You Don’t Start From The Beginning…

Having a quiet rainy weekend here. House guests are visiting family in Central Oregon and the house has been quiet since about noon yesterday. Nice! For the first time in two months I had the kitchen entirely to myself, no one trying to barge by me to get hot water while I’m up to my armpits in raw chicken…..four more weeks til they move out….I can make it…

So in my attempt to begin socializing again, I invited my friend C. to have coffee with me downtown prior to my hair appointment. C. is my friend who is also sober, for the last 4 years or so. After catching up on all the other bits, eventually sobriety came up in the conversation– like it does and always will when you are talking to someone else who is sober.

C. went to outpatient rehab and then AA for several years, and she found that very helpful. I did not need to go, and chose blogging instead which,according to C., is sort of like virtual AA. But it worked for her. In the course of our conversation (I recall now that it came up because I asked her if her boyfriend drinks) we talked about what life was like before we quit and she shared some interesting/horrific things with me:

  •  She was waking up at one point at midnight with what she called the “mean reds” and was unable to return to sleep unless she drank more.
  • At the apex of her drinking she rarely remembered going to bed the night before
  • She had fights with her (ex) boyfriend that she didn’t remember, and would blanket apologize for “what I said last night”– not knowing what that was
  • She was told by other AA participants that if you start drinking again after you quit, you pick up where you left off.

Wrap your mind around that– you don’t start over, like when you were in your teens or your 20’s, you don’t work up to drinking too much. You don’t start climbing the stairs from the bottom.YOU PICK UP WHERE YOU LEFT OFF. And then press the express elevator button to go straight up to the penthouse, bypassing all floors in between.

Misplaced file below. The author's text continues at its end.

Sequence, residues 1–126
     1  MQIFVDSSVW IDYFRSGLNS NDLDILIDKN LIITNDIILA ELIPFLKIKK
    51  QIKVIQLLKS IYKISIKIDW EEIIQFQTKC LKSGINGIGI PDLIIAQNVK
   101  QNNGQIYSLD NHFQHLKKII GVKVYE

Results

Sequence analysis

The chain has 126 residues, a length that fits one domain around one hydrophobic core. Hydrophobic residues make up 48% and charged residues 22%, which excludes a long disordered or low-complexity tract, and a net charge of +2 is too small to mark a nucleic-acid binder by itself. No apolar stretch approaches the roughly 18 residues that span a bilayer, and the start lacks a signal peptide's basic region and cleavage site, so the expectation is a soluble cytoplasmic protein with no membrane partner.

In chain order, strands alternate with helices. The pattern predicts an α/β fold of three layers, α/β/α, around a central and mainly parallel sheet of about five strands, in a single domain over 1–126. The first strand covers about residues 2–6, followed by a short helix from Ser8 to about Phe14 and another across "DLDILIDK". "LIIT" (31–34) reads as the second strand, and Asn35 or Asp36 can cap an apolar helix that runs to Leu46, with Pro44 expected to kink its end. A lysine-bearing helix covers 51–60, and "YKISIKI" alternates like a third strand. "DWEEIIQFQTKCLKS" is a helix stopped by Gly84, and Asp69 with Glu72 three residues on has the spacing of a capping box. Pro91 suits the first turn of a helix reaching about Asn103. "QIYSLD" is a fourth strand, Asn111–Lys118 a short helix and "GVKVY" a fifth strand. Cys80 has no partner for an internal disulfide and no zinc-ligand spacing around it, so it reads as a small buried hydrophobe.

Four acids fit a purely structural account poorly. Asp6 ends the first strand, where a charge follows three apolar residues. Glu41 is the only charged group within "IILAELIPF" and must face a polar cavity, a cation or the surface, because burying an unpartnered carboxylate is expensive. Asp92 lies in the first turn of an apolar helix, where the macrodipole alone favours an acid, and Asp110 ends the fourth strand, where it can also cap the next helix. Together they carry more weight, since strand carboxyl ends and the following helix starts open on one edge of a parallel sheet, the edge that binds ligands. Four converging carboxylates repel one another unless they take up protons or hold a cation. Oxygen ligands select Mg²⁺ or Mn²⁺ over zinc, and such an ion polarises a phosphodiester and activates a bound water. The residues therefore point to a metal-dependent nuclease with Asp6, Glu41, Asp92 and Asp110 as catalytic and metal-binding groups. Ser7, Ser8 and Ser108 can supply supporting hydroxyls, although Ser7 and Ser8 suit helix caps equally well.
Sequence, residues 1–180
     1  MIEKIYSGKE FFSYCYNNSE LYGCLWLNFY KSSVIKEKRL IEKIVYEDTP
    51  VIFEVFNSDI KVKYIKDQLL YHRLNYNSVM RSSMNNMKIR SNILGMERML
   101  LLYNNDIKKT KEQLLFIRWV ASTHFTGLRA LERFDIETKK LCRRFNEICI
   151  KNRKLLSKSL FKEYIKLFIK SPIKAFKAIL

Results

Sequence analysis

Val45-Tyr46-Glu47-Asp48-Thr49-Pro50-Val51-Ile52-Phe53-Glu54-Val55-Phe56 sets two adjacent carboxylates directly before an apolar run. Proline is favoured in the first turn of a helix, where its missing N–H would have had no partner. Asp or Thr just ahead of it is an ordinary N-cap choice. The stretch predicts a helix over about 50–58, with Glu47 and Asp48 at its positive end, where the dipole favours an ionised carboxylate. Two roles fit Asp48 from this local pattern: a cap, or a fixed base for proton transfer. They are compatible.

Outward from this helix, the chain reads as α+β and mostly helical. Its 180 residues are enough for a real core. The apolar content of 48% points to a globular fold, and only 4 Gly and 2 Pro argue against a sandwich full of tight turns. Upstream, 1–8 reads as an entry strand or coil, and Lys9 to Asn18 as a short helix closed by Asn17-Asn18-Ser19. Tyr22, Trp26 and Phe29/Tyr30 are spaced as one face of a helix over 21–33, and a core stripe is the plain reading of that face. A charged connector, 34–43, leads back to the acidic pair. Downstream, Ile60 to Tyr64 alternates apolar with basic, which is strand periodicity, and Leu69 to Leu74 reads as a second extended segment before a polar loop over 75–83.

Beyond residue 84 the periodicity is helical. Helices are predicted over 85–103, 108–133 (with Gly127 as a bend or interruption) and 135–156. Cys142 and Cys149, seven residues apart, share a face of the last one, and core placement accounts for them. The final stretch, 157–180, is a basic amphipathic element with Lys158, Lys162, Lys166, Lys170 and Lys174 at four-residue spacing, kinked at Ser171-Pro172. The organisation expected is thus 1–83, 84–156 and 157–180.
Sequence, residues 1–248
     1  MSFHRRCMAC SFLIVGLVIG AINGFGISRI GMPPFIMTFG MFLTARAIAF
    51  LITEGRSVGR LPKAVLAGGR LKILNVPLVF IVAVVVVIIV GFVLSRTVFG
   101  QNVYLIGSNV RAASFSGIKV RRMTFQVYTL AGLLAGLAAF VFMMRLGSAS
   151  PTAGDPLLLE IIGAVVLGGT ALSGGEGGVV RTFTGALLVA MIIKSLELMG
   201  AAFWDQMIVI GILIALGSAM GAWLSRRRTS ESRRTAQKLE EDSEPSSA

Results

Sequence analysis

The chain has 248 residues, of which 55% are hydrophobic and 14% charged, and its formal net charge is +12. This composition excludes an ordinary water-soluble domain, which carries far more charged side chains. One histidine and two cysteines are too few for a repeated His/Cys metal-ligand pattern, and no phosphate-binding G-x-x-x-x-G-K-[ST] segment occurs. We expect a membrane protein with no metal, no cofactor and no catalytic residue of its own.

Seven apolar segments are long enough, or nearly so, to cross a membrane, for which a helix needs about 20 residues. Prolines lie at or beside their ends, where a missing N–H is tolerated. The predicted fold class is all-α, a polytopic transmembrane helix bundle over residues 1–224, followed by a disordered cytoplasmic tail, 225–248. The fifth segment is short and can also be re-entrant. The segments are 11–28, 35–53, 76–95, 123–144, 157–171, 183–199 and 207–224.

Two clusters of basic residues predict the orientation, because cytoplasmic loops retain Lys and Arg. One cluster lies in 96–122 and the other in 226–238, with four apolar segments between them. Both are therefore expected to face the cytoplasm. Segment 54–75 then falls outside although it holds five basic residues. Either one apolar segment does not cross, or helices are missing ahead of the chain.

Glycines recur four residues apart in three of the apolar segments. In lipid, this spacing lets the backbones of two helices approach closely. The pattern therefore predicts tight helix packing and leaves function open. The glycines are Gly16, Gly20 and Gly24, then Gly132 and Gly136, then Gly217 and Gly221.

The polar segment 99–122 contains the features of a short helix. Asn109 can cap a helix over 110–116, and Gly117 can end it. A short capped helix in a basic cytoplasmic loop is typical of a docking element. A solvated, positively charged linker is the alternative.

C. shared that information with me to let me know what I might have looked forward to had my drinking advanced. And if I ever go back to it, that’s where I’m headed.

So I was like, HOLY FUCK: I REALLY DODGED ONE.

And I feel pretty good about that.

I had a conversation with my husband this morning while he was looking at my TripAdvisor profile (I’m a Senior Contributor!) and he said, “Wow, you sure are productive now that’s you’re sober.” And I said, yah, but we somehow got a lot done while we were still drinking, and he said, “Yes, well, we were some pretty HIGH FUNCTIONING alcoholics.” Hahaha! We laughed about that. I’m sorry, it’s just funny now. So I told him about what C. told me and we were like “Whoooaaaa.” Life is better now.

In other news, at the request of my fan (not a typo, that is “fan” singular), and in light of my new post-drunk productivity, I have written two of three new posts about Florence OR on my Oregon travel/lifestyle blog The Rain In The Trees and if you are interested in the Oregon coast you might like it.

Hope everyone is having/had a relaxing (or productive!!) weekend- whatever it is you needed, I hope you got it:)

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12 thoughts on “You Don’t Start From The Beginning…

  1. I’ve been likening blogging to virtual AA in my head for a while,didn’t want or feel the need to go myself either so this is a great alternative. The bit about not starting from the beginning is a scary thought and what it’d then escalate to isn’t it ….. yikes ….. I was bad enough to need to stop which is why I’m here and I know I couldn’t have gotten this far on my own, but that’s scary 😱

    Liked by 1 person

  2. Cool.
    Bad enough is a funny term. I know people who went to treatment who were probably doing better than I was. And I often wish I had gone, but it didn’t work out that way.
    But…I think what they say about addiction laying in wait is true. It think that we replace the old behaviours with new ones, but the old ones don’t go away. If we resume the behaviour, they resurface.

    I always encourage everyone to go to a meeting at some point, if only to see that it is just a bunch of people, like us. And to read the big book. It’s interesting and so many groups use the 12 steps.

    Liked by 1 person

  3. Yes sober is better and I think in a way, everyone dodges a bullet in on way or another, I never got a dui or crashed a car or went to jail but I was probably headed there one day. So I am so glad to be rid of those what ifs 🙂

    Liked by 1 person

  4. So true Betty! I gave up for a couple of months a while back, and it only took two weeks for me to end up worse than before (despite all the promises to myself). They say the same is true however long you’ve been sober. I hate the popular fallacy that an addict has to reach ‘rock bottom’ before they can get better! Wtf is that all about?!? Hugs to you xxx

    Liked by 1 person

    1. Hi, SM! Hope you’re feeling perky today:)
      Yes, I have already experienced that- took me until age 39 to get to the point where I thought I had had enough and I was even’t drinking that much (for whatever that’s worth coming from me!!), quit for 4 years, then when I started again it was only 3 years and BAM!! TOTAL DRUNK! Straight up to the top floor.

      Like

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